Cards on the table, confronted with a closely argued 11 page exec sum, I am unlikely to then read the full report. But the short version of Meeting the Challenges of Crisis States, by James Putzel (LSE) and Jonathan Di John (SOAS), is a meal in itself. It summarizes 5 years of DFID-funded research by the Crisis States Research Centre, led by the London School of Economics, and is a great way to take the temperature of academic thinking on ‘states with adjectives’ – fragile, failing, crisis etc etc.
The key question it seeks to answer is why the daily and inevitable tensions of politics and ‘conflict as usual’, which exist in any society, tip some states over into a downward spiral of distintegration, grand theft and violence, while others, even poor ones, prove resilient. Key Findings?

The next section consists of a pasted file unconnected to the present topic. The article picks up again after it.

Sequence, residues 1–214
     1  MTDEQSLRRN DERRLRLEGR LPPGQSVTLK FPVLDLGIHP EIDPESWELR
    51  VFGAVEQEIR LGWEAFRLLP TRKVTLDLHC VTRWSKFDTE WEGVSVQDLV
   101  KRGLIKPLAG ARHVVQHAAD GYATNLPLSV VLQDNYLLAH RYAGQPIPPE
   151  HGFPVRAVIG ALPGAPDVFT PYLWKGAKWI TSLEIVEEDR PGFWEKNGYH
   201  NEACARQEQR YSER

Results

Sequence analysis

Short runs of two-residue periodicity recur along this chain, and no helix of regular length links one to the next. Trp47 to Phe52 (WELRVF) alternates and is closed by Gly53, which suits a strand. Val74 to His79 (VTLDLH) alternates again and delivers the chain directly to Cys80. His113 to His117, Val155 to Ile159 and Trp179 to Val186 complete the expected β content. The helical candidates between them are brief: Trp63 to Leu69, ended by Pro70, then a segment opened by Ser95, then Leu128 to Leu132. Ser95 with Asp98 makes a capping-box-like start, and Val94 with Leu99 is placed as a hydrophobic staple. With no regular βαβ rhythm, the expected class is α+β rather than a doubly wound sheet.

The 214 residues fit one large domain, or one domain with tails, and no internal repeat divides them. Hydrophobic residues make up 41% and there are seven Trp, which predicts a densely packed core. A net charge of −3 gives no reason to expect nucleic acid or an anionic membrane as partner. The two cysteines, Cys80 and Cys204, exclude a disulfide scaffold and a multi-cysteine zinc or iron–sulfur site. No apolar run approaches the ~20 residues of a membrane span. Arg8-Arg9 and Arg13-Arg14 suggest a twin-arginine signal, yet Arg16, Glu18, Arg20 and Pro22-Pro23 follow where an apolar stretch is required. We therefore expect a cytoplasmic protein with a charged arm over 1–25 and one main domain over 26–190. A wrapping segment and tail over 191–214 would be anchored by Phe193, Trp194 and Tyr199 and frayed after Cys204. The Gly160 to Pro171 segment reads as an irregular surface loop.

Like most political scientists, Putzel and Di John believe that if you want to understand politics, you have to understand elites. And that means jettisoning preconceptions of ‘good governance’ (aka how much do the institutions resemble an idealized notion of American/European democracy) and thinking instead about the underlying political settlement. How do individuals and groups with different slices of power protect and negotiate over their pieces of the pie?
What leads to fragility? In the rather disturbing language of the report: